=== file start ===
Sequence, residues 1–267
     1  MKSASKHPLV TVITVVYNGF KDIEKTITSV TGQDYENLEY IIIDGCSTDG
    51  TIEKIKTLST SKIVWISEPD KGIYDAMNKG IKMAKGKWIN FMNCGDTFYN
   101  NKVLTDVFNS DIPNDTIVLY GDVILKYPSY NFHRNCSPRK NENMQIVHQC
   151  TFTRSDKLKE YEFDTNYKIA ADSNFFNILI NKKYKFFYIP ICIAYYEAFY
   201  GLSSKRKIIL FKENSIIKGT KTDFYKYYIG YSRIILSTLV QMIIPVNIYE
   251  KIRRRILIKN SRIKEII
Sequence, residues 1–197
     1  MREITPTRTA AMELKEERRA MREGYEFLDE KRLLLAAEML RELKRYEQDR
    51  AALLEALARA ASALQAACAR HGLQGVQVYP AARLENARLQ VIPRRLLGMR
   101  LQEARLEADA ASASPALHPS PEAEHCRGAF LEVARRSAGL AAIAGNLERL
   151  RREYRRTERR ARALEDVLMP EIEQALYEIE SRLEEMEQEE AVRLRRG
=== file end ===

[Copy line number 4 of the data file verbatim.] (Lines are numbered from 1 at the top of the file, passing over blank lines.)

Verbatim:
   101  NKVLTDVFNS DIPNDTIVLY GDVILKYPSY NFHRNCSPRK NENMQIVHQC